Retirement planning and tax saving are two primary investment objectives of most investors. Investment options which offer tax benefits and an opportunity to create wealth are always a favorite of the investing community. The Government of India, under Section 80C of the Income Tax Act, provides a list of investments / expenditures which offer tax deductions to people. Here is the list:
1. Life insurance policy premium
|2. Sum paid under a contract for a deferred annuity|
|3. Sum deducted from salary payable to Government servant for securing deferred annuity or making provision for his wife/children|
|4. Contributions made under Employees’ Provident Fund Scheme|
5. Contribution to Public Provident Fund Account / any recognised provident fund
|6. Contribution to an approved superannuation fund|
7. Subscription to any notified security or notified deposit scheme of the Central Government like Sukanya Samriddhi Account Scheme.
|8. Subscription to National Savings Certificates (VIII Issue)|
|9. Contribution for participation in unit-linked Insurance Plan of UTI|
|10. Contribution to notified unit-linked insurance plan of LIC Mutual Fund|
|11. Subscription to notified deposit scheme or notified pension fund set up by National Housing Bank|
|12. Tuition fees (excluding development fees, donations, etc.) for full time education of any 2 of his/her children|
|13. Certain payments for purchase/construction of residential house property|
|14. Sum paid towards notified annuity plan of LIC|
|15. Subscription to any units of any notified [u/s 10(23D)] Mutual Fund or the UTI (Equity Linked Saving Scheme, 2005)|
|16. Contribution to any pension fund set up by any mutual fund which is referred to in section 10(23D) or by the UTI (UTI Retirement Benefit Pension Fund)|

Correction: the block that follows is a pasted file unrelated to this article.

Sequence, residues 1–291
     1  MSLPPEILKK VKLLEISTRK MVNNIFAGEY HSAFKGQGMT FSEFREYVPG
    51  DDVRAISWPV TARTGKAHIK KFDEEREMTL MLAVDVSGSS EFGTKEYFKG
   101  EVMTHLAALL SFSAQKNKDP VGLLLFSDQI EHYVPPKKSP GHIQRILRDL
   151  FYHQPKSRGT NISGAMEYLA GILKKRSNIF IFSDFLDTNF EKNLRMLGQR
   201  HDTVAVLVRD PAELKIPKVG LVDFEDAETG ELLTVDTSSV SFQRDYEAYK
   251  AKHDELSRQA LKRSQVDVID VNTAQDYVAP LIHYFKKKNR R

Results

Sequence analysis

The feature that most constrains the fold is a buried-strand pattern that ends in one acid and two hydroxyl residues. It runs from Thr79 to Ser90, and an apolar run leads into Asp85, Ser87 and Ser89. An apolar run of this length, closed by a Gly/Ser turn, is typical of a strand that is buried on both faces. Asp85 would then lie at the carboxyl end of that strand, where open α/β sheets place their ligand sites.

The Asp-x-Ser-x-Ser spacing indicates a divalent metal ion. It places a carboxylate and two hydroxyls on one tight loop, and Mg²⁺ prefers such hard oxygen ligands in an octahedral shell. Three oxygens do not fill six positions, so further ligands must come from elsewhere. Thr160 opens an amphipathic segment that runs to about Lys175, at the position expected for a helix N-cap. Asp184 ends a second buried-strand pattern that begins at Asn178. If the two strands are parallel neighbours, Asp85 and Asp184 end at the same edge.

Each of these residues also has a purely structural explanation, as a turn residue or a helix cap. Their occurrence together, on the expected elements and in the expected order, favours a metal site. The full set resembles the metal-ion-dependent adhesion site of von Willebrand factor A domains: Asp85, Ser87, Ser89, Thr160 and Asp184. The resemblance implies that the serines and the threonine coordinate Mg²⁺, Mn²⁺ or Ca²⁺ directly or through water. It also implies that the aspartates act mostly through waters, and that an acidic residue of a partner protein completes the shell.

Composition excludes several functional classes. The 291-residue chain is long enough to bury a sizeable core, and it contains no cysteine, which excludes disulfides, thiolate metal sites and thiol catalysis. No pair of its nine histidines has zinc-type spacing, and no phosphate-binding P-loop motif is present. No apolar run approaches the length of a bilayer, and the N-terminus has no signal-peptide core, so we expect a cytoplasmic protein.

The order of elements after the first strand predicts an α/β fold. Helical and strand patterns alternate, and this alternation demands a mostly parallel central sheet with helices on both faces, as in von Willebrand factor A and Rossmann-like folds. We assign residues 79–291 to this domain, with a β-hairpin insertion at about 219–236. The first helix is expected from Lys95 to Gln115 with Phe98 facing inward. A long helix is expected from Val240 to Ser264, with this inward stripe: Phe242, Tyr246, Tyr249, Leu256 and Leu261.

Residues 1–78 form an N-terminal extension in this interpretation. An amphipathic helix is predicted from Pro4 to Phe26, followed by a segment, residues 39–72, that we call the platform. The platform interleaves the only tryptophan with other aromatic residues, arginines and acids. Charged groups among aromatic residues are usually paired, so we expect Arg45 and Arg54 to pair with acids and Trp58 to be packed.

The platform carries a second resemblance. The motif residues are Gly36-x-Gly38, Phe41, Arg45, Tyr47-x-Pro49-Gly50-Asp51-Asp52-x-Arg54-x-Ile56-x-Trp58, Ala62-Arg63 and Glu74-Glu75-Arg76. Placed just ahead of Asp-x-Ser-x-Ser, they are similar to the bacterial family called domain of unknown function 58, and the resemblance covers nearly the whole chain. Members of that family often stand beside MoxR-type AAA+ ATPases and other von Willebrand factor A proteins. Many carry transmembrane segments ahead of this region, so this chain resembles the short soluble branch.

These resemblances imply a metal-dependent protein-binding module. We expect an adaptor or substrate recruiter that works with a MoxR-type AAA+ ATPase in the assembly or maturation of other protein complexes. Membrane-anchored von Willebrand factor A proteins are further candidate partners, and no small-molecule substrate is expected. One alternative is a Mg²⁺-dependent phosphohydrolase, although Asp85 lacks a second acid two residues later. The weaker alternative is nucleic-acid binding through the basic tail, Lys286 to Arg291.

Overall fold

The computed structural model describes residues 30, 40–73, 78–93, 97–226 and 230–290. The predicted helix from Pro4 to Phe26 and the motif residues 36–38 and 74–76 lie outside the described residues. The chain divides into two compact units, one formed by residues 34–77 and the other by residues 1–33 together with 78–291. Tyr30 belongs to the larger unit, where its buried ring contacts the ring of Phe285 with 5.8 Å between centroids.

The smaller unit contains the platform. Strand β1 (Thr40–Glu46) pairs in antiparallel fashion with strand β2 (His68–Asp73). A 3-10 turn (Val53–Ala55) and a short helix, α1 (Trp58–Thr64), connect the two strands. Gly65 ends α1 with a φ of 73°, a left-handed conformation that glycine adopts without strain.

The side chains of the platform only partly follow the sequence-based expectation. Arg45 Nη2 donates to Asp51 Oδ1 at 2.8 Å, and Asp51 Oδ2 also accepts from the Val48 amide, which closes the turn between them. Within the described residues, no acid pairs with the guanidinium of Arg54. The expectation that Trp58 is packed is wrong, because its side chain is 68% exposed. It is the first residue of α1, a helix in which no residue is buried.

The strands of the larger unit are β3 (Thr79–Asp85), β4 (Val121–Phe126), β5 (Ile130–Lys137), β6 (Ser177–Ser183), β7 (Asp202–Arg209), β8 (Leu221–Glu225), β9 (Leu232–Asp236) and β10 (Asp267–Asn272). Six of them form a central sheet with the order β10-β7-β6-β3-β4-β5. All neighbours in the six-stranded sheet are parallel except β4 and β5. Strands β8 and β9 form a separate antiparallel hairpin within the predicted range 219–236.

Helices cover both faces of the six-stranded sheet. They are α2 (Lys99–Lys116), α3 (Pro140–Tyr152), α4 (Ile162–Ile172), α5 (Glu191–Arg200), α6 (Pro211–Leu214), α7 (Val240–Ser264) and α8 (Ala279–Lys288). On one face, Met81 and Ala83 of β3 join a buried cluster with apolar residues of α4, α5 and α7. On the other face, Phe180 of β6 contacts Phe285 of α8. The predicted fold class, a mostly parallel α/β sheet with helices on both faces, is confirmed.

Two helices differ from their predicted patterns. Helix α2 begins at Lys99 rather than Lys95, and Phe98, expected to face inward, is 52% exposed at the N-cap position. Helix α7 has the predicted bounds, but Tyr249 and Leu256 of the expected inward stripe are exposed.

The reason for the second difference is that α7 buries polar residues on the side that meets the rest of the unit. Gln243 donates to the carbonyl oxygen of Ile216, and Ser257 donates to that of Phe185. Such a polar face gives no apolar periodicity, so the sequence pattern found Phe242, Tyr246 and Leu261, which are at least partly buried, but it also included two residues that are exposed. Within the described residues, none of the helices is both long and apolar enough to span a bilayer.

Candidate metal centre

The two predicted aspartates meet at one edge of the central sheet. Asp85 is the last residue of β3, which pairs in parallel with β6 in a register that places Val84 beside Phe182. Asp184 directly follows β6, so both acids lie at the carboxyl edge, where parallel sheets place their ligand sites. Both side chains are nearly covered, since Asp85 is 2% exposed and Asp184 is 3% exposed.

|17. Subscription to equity shares or debentures forming part of any approved eligible issue of capital made by a public company or public financial institutions|
|18. Subscription to any units of any approved mutual fund referred to in section 10(23D)|
|19. Term deposits for a fixed period of not less than 5 years with a scheduled bank, and which is in accordance with a scheme 11 framed and notified.|
|20. Subscription to notified bonds issued by the NABARD.|
|21. Deposit in an account under the Senior Citizen Savings Scheme Rules, 2004|
|22. 5-year term deposit in an account under the Post Office Time Deposit Rules, 1981|
With such a long list of options, choosing the right investment can be a daunting task, to say the least. ELSS funds have been the most preferred option in recent years for the following reasons:
Save tax and earn high returns
ELSS funds offer a tax deduction of up to ₹150,000 under Section 80C of the Income Tax Act. These funds offer the EEE benefit – tax exemption, wealth accumulation and zero exit load. Further, these funds invest primarily in the equity market in a diversified manner, which gives investors a good opportunity to earn inflation-beating returns.
Lowest lock-in period
Of all the investment options available under Section 80C, ELSS funds offer the lowest lock-in period of only 3 years.
Also, these funds do not have a maximum investment period like PPF (15 years) or FD (10 years) has. The capital gain on these investments will be counted as Long-term Capital Gains (LTCG), which is tax-free. Post the lock-in period, the investor can choose to liquidate the investment or stay invested, based on the fund performance.
Here is a quick glimpse at how ELSS compares with the other commonly used tax-saving investments:
|Lock-in period||3 years||15 years||5 years||5 years||Till retirement|
|Tax on returns||No||No||Yes||Yes||Yes (partially)|
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